So, let’s not get into Text Criticism and establishing the text, and the translation process, etc., etc. Let’s skip a number of very important steps and arrive at an agreed upon text and a translation that is trustworthy. Then, how you approach the Scriptures will greatly impact what you get out of them. If you think they are a bunch of man made stories - then you will get something different out of them than if you approach them with a different set of presuppositions. If you approach them as the Word of God given to men - then you will get something else out of them. How do you know which set of presuppositions are the right ones with which to approach Scripture? It comes down to what you say about Jesus. The One resurrected from the dead points to the Scriptures as trustworthy. I take His Word for it because I am convinced by the evidence of the Gospels and the claims in 1 Cor. 15 that He did rise from the dead. So, I approach the Scriptures as the Word of God. That influences what I get out of them.

What do the words mean? How do you determine the meaning of the words? This is where the difficulty of dealing with ancient texts come in. To understand what is being said one has to know culture and context of the original writers and hearers. In the context of the issue of science and the bible I think John Walton and Denis Lamoureux do a good job of explaining this and showing this. If you read into the text your own culture’s presuppositions and worldview you will get an inaccurate reading.

So, you keep your knowledge of ANE culture and context in mind as you read the text and arrive at some understanding of what you think the text means. How do you know you’re right? It seems there needs to be an appeal to an outside authority…

So, either you make yourself the authority and say - this is what it means because this is what I think it means… or…you appeal to another authority (i.e. teaching magisterium in the Roman Catholic Church, etc). This is the problem the Church of Rome brought up to the Lutherans (I’m one) during the time of the Reformation. It’s a valid concern. Rome points to a Teaching Magistrerium that they believe is directed by God - so any biblical interpretation must fall within the acceptable parameters as set by the teaching magisterium. Lutherans and the protestants objected to that and pointed to Scripture alone as the source of authority - not Popes and Councils, etc. However, that still leaves the question of authority unaddressed (a troubling issue for us Lutherans and should be for all protestants).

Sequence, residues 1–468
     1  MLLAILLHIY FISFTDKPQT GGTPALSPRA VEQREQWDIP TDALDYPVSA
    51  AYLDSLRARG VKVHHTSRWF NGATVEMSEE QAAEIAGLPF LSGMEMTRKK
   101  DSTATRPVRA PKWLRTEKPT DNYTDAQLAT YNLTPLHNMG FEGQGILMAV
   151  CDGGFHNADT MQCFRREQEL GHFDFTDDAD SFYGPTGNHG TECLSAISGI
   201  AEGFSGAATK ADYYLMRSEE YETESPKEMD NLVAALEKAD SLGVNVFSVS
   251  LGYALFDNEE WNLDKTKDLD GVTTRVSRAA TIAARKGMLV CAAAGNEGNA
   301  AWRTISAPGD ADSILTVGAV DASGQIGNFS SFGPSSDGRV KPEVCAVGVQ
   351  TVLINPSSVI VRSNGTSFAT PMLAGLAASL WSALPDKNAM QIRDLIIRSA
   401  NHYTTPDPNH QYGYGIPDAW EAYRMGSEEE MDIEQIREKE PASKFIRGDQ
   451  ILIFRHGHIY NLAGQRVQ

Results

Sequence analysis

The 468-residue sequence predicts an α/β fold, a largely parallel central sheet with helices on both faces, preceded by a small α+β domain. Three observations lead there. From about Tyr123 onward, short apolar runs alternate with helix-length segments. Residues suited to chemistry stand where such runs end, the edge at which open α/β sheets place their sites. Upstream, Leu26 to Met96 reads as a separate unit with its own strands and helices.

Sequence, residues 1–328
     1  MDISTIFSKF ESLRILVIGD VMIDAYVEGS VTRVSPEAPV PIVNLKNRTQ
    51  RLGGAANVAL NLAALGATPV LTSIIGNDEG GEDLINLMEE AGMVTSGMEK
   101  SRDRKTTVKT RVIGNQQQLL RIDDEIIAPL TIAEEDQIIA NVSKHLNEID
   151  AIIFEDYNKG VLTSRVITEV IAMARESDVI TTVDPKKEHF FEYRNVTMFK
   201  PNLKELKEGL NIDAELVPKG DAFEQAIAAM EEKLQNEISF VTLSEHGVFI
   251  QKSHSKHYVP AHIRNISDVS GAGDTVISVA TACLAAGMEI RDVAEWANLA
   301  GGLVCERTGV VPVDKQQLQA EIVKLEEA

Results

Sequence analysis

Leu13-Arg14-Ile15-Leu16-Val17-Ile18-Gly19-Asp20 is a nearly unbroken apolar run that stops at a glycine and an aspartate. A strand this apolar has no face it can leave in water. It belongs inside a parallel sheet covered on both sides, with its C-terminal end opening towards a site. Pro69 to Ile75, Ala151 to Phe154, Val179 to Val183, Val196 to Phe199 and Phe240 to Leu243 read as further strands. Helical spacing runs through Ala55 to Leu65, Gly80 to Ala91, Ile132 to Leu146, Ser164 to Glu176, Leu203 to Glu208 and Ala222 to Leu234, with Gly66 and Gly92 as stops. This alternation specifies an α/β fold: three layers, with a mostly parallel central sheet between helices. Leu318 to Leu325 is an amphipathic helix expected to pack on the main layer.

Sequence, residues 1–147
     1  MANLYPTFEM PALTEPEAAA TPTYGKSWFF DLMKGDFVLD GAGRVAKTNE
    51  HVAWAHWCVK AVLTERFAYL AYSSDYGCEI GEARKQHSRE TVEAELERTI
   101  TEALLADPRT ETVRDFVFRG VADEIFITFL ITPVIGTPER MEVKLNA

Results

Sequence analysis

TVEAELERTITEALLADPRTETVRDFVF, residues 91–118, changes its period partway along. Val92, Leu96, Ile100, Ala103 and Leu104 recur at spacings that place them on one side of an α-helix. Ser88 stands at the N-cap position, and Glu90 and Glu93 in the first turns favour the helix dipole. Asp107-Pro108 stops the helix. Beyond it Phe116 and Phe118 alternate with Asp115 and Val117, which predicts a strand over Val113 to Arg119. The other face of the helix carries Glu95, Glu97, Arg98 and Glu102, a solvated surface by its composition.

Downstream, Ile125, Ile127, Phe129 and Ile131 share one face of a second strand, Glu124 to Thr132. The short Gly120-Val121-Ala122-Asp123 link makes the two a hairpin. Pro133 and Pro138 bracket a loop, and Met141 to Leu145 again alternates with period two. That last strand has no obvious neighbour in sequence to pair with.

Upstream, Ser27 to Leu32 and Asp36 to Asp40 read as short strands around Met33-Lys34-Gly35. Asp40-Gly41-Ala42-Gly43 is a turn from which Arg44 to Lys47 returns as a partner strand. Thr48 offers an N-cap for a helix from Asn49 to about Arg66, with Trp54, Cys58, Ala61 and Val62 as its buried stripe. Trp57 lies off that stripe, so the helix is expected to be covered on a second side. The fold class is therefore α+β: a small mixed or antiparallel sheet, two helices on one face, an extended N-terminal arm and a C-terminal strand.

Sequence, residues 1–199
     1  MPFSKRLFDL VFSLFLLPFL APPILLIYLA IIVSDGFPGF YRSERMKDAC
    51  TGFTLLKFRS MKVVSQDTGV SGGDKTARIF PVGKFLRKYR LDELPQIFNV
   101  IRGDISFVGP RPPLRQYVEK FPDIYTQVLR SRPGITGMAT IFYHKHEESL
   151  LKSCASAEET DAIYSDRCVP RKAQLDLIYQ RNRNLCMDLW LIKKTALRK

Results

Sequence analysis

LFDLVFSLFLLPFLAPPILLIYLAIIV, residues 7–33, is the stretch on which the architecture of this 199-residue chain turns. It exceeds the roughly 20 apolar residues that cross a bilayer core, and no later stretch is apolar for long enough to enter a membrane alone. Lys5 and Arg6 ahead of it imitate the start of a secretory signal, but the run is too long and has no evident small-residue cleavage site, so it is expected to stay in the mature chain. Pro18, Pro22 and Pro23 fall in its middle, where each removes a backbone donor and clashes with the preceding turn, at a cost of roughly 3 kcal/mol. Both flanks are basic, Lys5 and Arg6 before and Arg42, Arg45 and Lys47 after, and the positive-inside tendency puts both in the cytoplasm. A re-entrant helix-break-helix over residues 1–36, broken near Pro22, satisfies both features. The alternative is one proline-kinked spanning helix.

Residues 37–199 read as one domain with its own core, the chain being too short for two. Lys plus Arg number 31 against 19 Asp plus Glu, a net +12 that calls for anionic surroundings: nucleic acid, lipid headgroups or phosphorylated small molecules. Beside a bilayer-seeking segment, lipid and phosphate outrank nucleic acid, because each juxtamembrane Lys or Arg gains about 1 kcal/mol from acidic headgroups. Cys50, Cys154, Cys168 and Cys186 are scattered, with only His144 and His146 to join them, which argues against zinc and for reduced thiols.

However, it seems to me that modern day Protestantism (of which I do not count Lutherans a part) has made the individual the source of authority. Me and my bible and my interpretation is as valid as any other. Radical individualism, somewhat aided and abetted by radical post-modernism, has led to a continual fracturing of the Church…everything is subjective and truth cannot be known - so I make myself the sole authority.

As a Lutheran I attempt to have my cake and eat it to. I do not believe that there is a divinely inspired Teaching Magisterium that serves as the source of authority in biblical interpretation. However, if my interpretation is something that has never been taught in the 2000 year history of the Church - then either I am a genius or a heretic. Odds are the latter. So, I am very uncomfortable with innovations in the Church and generally seek to find myself in the line of the 2000 years of the Church. In fact, that was the argument of the 16th Century Reformation Lutherans - we’re not saying anything new here - it is the Roman Catholic church that has introduced teaching out of line with the historic Christian Faith.